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Italy Becomes First In EU To Mandate Vaccine Passports For All Workers


After requiring people to show vaccination proof on all domestic flights, on trains, and at universities, Italy moved to mandate that employees do the same for work.


FLORENCE — Weeks after requiring all citizens to show coronavirus vaccination proof on all domestic flights, on trains, and at universities, Italy has moved to mandate that all employees do the same for work. The country is the first in the European Union to enact such a policy.

Even though about 74 percent of Italians are fully vaccinated against COVID-19, according to data from the European Centre for Disease Prevention and Control, Italy will now force all workers in the country to show evidence of having been vaccinated.

Italian workers must show their “green pass,” which comes in physical or digital form, or else risk being suspended and having their pay halted after five days. Italy’s health minister, Roberto Speranza, said the decision was “to make [our] places safer and to make our vaccination campaign even stronger.” The vaccine mandate, which the cabinet unanimously approved, will begin Oct. 15.

Giuliano Leoni, a landlord in the city of Florence, told me he does not think the new policy is compatible with Italian law.

“It’s ridiculous. The law does not oblige a person to get the vaccine, so the government can’t ask a certification to go to work — if this certification requires you have to do something you are not obliged to do by law,” Leoni said.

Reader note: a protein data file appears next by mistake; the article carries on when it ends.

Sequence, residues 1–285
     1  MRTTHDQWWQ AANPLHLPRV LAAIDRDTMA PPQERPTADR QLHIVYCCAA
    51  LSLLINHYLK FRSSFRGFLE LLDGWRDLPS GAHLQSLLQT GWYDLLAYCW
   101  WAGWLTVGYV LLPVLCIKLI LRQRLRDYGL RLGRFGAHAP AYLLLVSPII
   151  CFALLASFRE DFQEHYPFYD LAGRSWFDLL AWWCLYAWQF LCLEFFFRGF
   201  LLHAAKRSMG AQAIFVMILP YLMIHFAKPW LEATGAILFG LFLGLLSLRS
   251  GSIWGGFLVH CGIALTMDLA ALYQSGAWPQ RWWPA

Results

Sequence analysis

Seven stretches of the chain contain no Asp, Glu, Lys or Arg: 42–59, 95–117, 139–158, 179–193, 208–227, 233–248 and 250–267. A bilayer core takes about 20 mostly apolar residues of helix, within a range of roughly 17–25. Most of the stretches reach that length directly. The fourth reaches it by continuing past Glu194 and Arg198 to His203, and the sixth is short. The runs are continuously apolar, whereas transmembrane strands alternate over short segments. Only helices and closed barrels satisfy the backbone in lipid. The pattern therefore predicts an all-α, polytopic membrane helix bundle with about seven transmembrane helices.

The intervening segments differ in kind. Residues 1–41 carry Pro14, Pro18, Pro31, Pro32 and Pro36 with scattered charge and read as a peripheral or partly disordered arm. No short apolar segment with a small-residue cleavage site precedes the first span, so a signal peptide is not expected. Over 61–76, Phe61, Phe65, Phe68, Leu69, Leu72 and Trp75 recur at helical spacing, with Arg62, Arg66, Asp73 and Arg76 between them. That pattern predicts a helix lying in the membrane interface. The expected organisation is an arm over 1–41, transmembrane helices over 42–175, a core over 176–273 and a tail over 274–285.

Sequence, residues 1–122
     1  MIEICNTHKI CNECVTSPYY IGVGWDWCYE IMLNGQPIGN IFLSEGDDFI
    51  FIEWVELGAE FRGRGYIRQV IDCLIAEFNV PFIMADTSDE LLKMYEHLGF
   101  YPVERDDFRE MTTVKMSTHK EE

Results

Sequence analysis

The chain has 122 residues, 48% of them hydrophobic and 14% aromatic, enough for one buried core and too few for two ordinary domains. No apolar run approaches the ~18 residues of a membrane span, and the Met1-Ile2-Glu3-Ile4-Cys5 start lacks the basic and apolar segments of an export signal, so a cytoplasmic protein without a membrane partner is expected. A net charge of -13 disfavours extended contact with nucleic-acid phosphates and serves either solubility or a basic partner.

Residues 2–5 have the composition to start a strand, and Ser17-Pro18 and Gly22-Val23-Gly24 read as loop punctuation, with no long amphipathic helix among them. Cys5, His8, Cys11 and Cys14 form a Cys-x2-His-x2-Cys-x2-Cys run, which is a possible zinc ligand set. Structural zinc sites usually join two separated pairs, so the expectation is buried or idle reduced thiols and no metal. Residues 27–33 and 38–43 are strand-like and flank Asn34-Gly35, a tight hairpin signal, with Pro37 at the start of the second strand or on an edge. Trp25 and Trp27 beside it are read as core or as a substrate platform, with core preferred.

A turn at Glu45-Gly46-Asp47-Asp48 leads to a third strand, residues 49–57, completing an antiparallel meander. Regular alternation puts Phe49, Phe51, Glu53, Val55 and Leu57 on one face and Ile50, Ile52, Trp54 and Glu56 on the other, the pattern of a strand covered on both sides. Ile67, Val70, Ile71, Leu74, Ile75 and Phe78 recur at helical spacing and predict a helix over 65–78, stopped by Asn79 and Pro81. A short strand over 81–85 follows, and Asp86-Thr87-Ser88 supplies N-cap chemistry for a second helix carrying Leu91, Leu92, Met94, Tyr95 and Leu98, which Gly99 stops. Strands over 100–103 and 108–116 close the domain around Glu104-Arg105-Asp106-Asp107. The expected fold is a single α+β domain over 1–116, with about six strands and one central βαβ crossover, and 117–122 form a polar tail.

The government’s policy, which passed on Thursday, will affect 23 million workers in the public and private sectors. Health care employees and those attending gyms or restaurants are also currently required to present a green pass.

Prior to the country’s decision, France moved to suspend close to 3,000 workers in the health care industry for not receiving COVID-19 shots. Italy’s Public Administration Minister Renato Brunetta, however, admitted his country’s decision is an “extensive, complex, extraordinary endeavor” that has yet to be mirrored elsewhere in the EU.

While ministers told journalists that unvaccinated workers will not necessarily be fired, they may face suspension and lose compensation — which appears to be a distinction without a difference as far as employees are concerned. Across the country, there have continued to be anti-vaccine mandate and anti-lockdown protests in response to the government’s heavy-handed policies. In the past week, outraged protesters have taken to the streets in more than 80 cities, including Florence, Milan, Naples, and Rome.